Technology's role in the classroom grows larger every academic year, according to West Liberty University's chief technological officer Jim Clark.
"Smartphones, iPads and Windows laptops, those are the core devices," Clark said. "Everything revolves around those three devices."
Each of the devices has its own role in academic life, Clark said. While tablets such as the iPad are useful for reading online or electronic books, he said laptops remain the most ideal tool for students who require a keyboard. Smartphones, meanwhile, serve as an important link to numerous college-related applications such as student voting and social media.
Almost all students will carry at least one of these three tools, Clark said.
"They're going to have one of them in their hand, the other two in their bag," Clark said.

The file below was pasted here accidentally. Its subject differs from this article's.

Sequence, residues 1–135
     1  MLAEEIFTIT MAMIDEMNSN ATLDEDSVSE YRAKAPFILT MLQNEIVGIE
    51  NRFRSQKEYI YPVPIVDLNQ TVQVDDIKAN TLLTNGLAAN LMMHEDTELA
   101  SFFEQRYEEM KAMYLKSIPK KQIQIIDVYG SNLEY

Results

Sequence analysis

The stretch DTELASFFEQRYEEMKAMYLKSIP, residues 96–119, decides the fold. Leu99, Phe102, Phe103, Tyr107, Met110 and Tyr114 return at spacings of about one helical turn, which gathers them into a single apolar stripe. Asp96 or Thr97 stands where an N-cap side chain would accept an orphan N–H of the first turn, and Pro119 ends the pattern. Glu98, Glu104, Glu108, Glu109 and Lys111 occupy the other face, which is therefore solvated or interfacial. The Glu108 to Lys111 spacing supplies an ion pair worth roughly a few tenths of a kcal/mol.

But according to Clark, the tablet, especially the iPad, holds a place of distinction among technological tools for students.
"iPads, these are the new status symbols of students who are connected," Clark said. "They can be used for browsing, reading and keeping up with assignments."
West Virginia Northern Community College Director of Information Technology David Hanes agreed that technology is increasingly important for students, but noted he believes smartphones are more prominent than tablets at Northern.
"They (students) are using their cellular (smart)phones more than tablets," Hanes said. "Almost everybody has a smartphone and they're all on them."
Aside from the use of various educational-based apps, Hanes said smartphones can also be used to check schedules and email, access some reading materials and even take notes.
No matter which device students choose to use, according to Clark, there is one essential implement he said schools must provide at all times.
"Everybody's got to have Wi-Fi, though; that's for sure," Clark said. "It's all about connectivity and mobility."